Source: The Keep Calm-O-Matic (

Thursday, 26 February 2015

S&M: Fifty shades of scaremongering

Janette Sherman and Joseph Mangano (S&M) are at it again, trying to scare people about radioactivity from Fukushima. It is worth pointing out immediately that:
  • Their claims are published in the magazine Counterpunch, not in a scientific journal.
  • Once again, their claims are based on embarrassingly low quality handling of health statistics that is publicly available.
  • S&M know very well that many people will get scared about their claims, and that very few of them will be able to check the numbers themselves.
  • As usual they are not really claiming anything, they just show the numbers and ask an open question if there can be any correlation with radioactivity. This is very convenient, they can portray themselves as heroes by showing some data, and if proven wrong they can always defend themselves by saying that they are just "asking questions".
  • There is no reason to believe anything they say, as this again turns out to be a lousy cherry-picking exercise.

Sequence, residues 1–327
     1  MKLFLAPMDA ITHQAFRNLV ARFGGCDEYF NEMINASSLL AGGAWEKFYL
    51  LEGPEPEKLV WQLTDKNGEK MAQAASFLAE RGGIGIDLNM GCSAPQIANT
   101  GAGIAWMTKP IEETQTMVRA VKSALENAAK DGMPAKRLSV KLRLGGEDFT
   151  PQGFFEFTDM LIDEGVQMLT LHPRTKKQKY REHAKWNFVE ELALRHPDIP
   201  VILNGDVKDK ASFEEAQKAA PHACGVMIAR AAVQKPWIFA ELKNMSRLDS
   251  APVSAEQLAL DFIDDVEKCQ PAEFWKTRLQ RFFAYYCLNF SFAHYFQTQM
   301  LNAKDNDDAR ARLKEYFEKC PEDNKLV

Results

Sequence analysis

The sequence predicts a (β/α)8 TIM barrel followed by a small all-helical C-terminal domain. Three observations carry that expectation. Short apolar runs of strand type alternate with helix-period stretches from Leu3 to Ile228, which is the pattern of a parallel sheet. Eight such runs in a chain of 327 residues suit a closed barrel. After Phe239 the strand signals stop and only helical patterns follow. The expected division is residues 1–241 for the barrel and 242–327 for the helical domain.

Figure 1. The article by S&M in Counterpunch, February 19, 2015.

So what do they say this time?

There was an article in the newspaper Alaska News Dispatch (February 14, 2015) regarding a recent increase in numbers of infant deaths. Every such case is a tragedy, and many of the deaths can be avoided if the parents know some basic information. Unfortunately, many of the cases occur in low income families where in some cases the use of drugs, tobacco and alcohol play a role. Other risk factors are letting the baby sleep on a sofa or together with the parent, suffocation may occur.

The number of infant deaths has slowly decreased in Alaska, as in the rest of the U.S., but recently there has been a reversal of the trend. Health officials in Alaska are investigating the individual cases and are trying to reach out better with information.

S&M were quickly on to this story, and only five days later, on February 19, they had an article published in the political newsletter Counterpunch where they come up with a different explanation: Fukushima did it!

They write:
"Infant mortality in Alaska has been falling for years, however 122 infants died in 2012-2013, compared to 85 deaths two years before. 
Research of causes of this highly unexpected increase is needed, and consideration should be given to the arrival of radioactive fallout from Fukushima after the 2011 meltdown. Radiation levels were highest in Alaska, Hawaii and the Pacific west coast .